To top it off, all this can be done securely, using verified identities that customers can trust. Any business that wants to provide a better customer experience can benefit from exploring how dynamic RCS messaging can make that possible.

Ready to get started using Rich Communication Services messaging for your business? Find out how the Vonage Messages API can help.

Linda Yamanoha Zwickl headshot
By Linda Yamanoha Zwickl Senior Product Marketing Manager, Communications APIs and Conversational Commerce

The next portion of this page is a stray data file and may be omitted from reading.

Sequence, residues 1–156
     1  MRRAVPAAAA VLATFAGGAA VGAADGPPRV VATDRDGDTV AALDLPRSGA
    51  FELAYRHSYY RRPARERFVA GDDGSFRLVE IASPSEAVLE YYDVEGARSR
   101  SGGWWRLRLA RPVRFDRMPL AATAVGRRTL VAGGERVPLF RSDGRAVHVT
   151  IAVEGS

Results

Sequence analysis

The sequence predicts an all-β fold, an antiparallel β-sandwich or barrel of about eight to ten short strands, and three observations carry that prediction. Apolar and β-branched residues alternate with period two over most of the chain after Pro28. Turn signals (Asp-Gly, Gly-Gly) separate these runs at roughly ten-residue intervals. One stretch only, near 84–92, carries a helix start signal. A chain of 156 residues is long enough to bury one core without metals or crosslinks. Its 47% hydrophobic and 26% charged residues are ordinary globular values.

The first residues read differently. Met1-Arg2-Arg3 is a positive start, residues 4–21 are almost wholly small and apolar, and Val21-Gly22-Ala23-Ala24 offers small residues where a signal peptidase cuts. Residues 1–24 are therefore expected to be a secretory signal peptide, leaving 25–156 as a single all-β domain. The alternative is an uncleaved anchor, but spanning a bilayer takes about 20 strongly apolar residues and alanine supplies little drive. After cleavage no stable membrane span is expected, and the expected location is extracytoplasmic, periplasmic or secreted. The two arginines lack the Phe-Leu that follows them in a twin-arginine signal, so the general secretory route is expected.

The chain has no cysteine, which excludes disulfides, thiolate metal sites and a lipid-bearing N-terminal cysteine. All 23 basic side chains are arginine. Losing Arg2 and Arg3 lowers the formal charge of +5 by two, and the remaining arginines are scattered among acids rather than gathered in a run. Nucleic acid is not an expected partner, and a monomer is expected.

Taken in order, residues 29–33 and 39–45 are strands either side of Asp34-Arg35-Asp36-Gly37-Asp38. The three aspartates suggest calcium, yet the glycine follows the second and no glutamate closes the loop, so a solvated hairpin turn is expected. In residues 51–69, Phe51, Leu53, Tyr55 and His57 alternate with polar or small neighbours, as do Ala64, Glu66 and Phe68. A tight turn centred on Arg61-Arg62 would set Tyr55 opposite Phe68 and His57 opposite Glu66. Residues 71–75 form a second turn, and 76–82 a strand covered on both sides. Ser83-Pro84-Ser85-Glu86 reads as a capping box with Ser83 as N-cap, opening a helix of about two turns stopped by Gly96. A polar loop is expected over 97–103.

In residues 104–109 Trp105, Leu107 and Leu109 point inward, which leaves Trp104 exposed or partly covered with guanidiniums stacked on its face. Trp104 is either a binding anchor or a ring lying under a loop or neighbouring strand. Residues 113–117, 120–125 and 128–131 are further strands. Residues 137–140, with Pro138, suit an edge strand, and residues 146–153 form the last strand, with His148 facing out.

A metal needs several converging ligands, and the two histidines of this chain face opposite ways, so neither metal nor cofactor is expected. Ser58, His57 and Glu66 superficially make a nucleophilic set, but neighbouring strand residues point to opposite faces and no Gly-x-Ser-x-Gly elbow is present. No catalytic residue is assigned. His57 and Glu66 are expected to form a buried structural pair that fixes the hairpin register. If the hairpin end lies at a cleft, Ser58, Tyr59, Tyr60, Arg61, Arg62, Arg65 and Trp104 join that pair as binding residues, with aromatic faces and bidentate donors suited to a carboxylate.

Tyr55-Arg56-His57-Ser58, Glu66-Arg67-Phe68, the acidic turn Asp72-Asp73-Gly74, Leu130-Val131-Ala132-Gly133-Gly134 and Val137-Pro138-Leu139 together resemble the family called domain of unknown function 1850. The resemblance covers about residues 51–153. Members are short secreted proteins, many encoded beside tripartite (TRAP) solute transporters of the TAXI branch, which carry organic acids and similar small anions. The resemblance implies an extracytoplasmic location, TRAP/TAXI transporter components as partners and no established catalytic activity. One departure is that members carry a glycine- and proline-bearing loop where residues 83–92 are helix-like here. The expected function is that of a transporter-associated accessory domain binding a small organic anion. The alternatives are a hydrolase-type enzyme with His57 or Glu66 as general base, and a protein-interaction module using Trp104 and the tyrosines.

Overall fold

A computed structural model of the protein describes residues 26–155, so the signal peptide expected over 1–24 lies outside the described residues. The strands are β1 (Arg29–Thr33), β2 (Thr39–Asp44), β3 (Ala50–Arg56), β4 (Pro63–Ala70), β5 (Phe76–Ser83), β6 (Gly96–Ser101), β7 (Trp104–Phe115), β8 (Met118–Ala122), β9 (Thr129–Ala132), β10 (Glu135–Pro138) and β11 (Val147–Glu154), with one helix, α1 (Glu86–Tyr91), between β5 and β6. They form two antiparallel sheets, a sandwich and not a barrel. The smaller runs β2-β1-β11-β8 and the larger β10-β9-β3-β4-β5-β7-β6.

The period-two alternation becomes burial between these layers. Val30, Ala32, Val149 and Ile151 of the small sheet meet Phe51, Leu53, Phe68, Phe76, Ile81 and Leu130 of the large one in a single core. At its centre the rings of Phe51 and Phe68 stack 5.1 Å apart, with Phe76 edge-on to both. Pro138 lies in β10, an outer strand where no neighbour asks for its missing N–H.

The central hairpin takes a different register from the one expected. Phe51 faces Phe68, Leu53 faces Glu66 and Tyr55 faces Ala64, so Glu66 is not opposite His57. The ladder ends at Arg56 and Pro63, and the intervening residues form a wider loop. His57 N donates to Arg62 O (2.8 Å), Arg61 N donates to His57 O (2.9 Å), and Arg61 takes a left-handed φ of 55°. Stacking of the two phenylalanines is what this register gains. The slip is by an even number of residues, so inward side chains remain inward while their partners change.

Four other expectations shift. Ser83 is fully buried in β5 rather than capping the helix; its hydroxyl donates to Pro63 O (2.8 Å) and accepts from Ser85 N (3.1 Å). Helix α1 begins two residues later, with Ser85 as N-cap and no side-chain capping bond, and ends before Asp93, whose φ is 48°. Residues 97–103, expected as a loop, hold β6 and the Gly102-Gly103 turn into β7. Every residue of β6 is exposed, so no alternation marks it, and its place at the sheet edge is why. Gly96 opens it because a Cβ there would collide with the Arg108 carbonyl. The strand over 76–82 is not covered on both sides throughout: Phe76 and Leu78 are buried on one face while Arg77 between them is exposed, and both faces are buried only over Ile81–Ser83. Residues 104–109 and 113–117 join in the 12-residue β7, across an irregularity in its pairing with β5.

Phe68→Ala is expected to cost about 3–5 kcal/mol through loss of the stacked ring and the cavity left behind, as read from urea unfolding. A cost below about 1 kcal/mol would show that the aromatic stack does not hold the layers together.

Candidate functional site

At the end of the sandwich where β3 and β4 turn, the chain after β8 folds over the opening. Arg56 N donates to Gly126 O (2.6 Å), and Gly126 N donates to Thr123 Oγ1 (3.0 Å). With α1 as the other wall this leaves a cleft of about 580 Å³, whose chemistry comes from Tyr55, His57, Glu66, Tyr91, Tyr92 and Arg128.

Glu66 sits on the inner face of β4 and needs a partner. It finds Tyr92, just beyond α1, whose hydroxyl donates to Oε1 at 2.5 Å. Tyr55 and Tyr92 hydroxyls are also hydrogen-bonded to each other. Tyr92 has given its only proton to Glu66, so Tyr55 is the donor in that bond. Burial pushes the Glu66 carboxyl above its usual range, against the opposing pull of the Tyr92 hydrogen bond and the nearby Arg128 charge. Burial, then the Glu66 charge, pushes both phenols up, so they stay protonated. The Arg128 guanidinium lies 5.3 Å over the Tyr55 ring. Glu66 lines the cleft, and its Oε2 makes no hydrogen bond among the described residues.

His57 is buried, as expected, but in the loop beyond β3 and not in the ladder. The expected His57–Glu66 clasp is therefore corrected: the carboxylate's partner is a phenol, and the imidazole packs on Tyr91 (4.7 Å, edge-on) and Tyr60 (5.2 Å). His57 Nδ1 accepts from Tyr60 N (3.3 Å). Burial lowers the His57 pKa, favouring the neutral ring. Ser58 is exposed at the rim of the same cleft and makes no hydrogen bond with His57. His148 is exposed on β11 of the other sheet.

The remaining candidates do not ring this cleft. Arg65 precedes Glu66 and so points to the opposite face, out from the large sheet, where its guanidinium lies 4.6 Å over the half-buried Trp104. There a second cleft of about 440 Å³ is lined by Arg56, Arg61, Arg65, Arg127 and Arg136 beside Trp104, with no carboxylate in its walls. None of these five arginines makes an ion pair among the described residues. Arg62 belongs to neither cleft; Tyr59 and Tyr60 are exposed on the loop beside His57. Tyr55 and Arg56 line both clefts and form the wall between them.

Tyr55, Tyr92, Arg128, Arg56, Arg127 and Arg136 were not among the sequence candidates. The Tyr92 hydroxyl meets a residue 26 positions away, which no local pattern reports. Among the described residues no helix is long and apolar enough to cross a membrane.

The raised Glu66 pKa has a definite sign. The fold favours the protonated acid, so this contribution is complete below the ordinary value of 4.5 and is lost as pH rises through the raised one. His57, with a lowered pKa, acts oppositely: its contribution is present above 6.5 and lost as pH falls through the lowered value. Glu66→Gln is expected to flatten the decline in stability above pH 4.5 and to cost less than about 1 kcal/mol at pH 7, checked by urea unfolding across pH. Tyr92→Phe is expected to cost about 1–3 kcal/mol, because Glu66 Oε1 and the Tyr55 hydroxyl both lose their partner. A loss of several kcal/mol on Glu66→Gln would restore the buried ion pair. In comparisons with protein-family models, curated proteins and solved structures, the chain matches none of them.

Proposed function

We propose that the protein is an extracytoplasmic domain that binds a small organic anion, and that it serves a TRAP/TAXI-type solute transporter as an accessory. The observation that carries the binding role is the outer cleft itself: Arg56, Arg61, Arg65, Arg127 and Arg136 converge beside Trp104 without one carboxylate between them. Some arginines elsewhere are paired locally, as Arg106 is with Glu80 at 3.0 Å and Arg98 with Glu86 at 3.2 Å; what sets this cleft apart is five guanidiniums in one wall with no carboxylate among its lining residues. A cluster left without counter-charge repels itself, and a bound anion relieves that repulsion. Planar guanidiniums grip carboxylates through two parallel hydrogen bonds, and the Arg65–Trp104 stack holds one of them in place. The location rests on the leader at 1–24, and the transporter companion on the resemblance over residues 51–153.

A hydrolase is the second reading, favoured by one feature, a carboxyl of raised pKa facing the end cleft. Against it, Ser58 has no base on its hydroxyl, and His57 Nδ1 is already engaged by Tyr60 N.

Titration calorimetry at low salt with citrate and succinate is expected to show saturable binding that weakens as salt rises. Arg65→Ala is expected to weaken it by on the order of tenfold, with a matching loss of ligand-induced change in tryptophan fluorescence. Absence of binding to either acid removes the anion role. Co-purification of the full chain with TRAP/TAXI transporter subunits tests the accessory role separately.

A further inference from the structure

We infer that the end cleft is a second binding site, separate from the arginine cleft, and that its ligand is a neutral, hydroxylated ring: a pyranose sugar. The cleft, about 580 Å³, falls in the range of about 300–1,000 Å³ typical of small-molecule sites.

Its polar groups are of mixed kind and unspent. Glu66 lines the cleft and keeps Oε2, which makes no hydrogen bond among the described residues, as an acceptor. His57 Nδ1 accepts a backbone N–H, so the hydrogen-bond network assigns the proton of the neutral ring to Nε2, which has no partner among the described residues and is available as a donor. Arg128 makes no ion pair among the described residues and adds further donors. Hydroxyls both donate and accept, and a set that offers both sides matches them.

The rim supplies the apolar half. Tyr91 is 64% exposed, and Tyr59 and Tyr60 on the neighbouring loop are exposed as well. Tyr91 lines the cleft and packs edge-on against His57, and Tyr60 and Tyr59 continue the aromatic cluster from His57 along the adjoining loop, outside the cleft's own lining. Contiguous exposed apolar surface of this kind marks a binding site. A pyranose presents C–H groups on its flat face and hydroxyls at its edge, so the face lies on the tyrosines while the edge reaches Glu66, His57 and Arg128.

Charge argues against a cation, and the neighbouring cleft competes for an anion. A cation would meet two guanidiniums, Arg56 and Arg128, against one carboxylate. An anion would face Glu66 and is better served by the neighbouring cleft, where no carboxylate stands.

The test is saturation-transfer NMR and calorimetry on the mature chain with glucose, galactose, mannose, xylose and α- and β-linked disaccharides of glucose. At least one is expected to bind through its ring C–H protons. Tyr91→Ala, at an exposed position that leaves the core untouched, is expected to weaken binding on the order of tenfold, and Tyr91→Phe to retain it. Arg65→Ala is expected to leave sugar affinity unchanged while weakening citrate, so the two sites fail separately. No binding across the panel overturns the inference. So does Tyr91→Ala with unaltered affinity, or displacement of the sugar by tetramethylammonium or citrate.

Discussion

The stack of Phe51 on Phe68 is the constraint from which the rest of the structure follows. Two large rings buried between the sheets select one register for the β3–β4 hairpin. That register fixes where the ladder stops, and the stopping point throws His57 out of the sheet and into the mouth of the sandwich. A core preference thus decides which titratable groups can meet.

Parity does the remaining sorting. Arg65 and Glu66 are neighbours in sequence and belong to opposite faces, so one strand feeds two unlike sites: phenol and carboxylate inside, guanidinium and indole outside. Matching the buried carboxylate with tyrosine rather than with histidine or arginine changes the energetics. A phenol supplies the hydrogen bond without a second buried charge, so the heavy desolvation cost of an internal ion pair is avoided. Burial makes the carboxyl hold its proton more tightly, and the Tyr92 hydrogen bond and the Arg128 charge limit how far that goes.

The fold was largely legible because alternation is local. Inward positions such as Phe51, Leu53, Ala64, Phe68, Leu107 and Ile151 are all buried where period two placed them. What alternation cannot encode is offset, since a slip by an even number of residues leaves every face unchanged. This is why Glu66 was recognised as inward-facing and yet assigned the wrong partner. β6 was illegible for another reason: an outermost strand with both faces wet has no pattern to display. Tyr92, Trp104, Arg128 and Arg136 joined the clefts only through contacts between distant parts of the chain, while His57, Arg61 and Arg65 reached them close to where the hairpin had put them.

Linda Yamanoha Zwickl is a Product Marketing Manager at Vonage supporting the Communications APIs and conversational commerce business. She is an experienced product marketer and strategist passionate about bringing innovative business solutions to the market. Linda earned her Bachelor's degree in Computer Science from the University of California, Berkeley, and her Master's degree in Business Management from the London Business School. When she's not working on product marketing strategy, Linda is interested in cooking international cuisines and learning about wine.